Olympic torch: Prime Minister meets torch relay nominee
The Prime Minister has joined in the Olympic torch relay and met the cancer sufferer whom he nominated to carry the flame.
David Cameron met Clive Stone in Woodstock, West Oxfordshire, as the relay went from Luton to Oxford.
Mr Stone, 64, has campaigned for access to cancer treatments and was instrumental in the creation of the Cancer Drugs Fund.
F1 driver Lewis Hamilton was the first torchbearer of the day in Luton.
Torchbearers also carried the flame through the birthplace of the Paralympic Games, Stoke Mandeville.
Mr Cameron said of the relay: "It was very emotional. To see him with the torch was a lovely moment for everyone in West Oxfordshire.
"The scenes of so many children and so much enthusiasm is lovely because it's the bit of the Olympics that comes to you rather than you going to the Olympics and I think it's meant a lot, particularly to the school children."
Mr Stone carried the torch for longer than expected as the bearer before him, Harry Davies, was taken ill during his leg.
There was a brief delay while Mr Stone was brought to the handover point and the torch "kiss" took place.
The organisers, Locog, are trying to find another slot for Mr Davies to run a full leg on another day.
Day 52 began in St George's Square, Luton, with Lewis Hamilton in pole position. He told BBC Three Counties Radio: "I've had such a great reception, they made it even more enjoyable.
"I am so incredibly honoured to have the opportunity to do this, not many people get to do this.
"I have to thank God every day for the wonderful opportunities and blessings that I am given."
Hamilton was initially asked to carry the torch through his home town of Stevenage, but plans were changed because the flame was there while he was competing in Sunday's British Grand Prix at Silverstone, in which he finished eighth.
Olympic badminton silver medallist Gail Emms later carried the flame through her home town of Milton Keynes.
Thrilled by her stint, Emms later tweeted: "Wow! What an experience!! Loved every second."
Emms was runner-up in the mixed doubles with Nathan Robertson in the 2004 Games in Athens.
She also won gold medals at the 2006 World Championships in Madrid, 2004 European Championships in Geneva and the 2002 Commonwealth Games in Manchester.
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Youth Olympic rowing gold medallist Georgia Howard-Merrill also carried the flame in Milton Keynes. Oxford-based Howard-Merrill won the medal at the first Youth Olympic Games in the Women's Pairs in Singapore in 2010.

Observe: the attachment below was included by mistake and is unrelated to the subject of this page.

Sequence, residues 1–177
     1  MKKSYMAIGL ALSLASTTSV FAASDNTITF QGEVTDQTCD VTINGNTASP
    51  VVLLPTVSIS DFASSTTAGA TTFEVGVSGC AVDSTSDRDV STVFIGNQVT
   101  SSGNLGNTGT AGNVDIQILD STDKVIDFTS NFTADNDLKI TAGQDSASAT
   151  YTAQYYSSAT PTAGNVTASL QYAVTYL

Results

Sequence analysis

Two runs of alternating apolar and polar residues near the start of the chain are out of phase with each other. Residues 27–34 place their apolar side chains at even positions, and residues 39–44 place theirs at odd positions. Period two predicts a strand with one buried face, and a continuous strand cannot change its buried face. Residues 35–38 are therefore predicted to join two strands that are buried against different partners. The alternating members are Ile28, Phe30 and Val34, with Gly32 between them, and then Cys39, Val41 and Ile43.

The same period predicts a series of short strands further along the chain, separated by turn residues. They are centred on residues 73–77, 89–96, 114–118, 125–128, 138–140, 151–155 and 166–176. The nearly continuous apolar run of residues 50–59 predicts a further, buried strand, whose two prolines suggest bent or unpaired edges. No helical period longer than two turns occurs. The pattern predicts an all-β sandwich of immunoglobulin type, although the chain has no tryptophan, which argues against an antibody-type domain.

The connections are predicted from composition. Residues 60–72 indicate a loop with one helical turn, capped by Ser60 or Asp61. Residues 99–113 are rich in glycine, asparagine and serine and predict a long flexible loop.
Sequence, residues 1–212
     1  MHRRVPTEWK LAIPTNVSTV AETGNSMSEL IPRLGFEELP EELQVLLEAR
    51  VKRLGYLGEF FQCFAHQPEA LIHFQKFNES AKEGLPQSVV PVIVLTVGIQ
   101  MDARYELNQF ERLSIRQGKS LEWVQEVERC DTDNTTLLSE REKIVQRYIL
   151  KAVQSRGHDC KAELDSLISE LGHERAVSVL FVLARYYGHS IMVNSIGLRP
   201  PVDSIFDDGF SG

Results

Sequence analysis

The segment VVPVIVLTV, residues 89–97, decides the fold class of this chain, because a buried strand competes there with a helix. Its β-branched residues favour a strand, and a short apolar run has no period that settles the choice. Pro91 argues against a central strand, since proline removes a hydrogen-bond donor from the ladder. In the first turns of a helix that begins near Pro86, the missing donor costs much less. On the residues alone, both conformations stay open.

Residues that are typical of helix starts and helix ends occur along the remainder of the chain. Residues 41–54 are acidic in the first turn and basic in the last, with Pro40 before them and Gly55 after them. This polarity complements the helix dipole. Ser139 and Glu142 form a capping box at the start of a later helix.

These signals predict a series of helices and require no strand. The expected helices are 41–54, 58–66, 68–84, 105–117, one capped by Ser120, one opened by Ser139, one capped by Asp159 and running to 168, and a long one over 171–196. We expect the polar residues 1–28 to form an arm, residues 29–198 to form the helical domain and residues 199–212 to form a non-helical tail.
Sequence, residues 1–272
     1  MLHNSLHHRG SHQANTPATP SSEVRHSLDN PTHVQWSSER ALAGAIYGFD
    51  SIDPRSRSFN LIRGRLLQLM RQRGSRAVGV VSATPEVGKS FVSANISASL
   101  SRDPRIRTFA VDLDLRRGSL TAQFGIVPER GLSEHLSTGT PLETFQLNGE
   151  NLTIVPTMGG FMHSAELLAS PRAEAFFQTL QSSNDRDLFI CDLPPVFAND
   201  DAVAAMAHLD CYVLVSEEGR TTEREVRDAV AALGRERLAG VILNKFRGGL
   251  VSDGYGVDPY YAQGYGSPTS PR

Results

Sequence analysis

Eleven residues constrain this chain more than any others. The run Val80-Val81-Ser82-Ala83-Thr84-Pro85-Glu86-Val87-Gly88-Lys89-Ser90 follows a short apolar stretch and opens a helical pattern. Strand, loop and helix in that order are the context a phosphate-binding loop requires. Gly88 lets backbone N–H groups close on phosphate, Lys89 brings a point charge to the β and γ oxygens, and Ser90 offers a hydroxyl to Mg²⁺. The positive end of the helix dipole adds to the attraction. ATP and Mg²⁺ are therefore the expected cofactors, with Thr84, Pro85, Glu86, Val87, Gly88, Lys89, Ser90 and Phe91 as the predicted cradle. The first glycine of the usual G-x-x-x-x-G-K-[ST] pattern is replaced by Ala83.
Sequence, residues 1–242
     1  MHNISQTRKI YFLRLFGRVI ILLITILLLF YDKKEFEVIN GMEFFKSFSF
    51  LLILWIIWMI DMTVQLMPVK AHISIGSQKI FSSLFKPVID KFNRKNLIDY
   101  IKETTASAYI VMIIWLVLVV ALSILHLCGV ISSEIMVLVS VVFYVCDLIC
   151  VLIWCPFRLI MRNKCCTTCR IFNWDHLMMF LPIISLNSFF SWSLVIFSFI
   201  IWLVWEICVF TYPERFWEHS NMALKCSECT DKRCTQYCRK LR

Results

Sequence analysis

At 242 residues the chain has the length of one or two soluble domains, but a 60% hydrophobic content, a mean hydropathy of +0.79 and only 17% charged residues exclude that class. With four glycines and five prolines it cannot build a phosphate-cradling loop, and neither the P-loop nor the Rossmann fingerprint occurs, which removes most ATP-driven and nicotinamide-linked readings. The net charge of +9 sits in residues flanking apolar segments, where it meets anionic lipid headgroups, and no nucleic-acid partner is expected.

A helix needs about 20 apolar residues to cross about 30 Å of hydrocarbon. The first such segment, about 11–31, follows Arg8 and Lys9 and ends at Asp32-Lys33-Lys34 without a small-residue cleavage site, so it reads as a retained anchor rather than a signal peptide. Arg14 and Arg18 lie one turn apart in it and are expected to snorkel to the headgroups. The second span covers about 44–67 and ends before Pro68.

Later in the morning Jessica Stalley, from Bedford, took the flame into Bletchley Park - the site of Britain's main decryption centre during World War II and now home to the National Codes Centre and the National Museum of Computing.
The 16-year-old was nominated for the way she coped with having an operation to straighten her spine and for her aspirations to compete in the Paralympics.
Another 16-year-old, Rebekah Wagnell, carried the torch in Aylesbury.
Last year she won three silver and two gold medals for swimming in the 18th World Transplant Games in 2011. The Milton Keynes teenager was born with chronic renal failure and received a kidney transplant from her father five years ago.
Also in Aylesbury, Gemma Collis, 17, carried the torch at Stoke Mandeville Stadium.
Stoke Mandeville Hospital was the site where pioneering neurologist Professor Sir Ludwig Guttmann staged the forerunner of the Paralympic Games in 1948 - the International Wheelchair Games.
The Games were repeated at Stoke Mandeville four years later before the first official Paralympics took place in Rome in 1960.
There will be a separate Paralympic lighting ceremony at the site in Aylesbury, as part of the Paralympic Torch Relay on 28 August.
During the afternoon the flame also visited the stately home of Blenheim Palace, where Sir Winston Churchill was born.
Bringing a little bit of magic to the relay was Simon Cruden, who spends 54 hours every month volunteering at The John Radcliffe Children's Hospital performing magic acts, juggling and chatting to patients.
The 31-year-old, who had six brain operations as a teenager after being diagnosed with a brain tumour and is now registered blind, cast aside his white stick before running part of his 300m leg through Bicester.Olympic rower
Archer Naomi Folkard, who is competing for Team GB in the Olympics, carried the flame in Oxford.
A game of Quidditch, made famous by the Harry Potter stories, was being played in Oxford ahead of the arrival of the flame. Teams from Australia, France and the US are taking part in the two-day tournament.
The cauldron was lit by the final torchbearer of the day, former teacher Malcolm Fretter. He has been a paraplegic since 1971 but volunteers at White Horse primary schools. He is also secretary of Oxfordshire Schools' Football Association.
The evening celebration also included a performance of Tree of Light, which is part of the London 2012 Festival featuring 850 participants - including singers, dancers and power-generating cyclists - from school and community groups across Oxfordshire.
A total of 8,000 people will carry the flame during its 8,000 mile, 70-day journey to the opening ceremony of the Olympic Games in London on 27 July.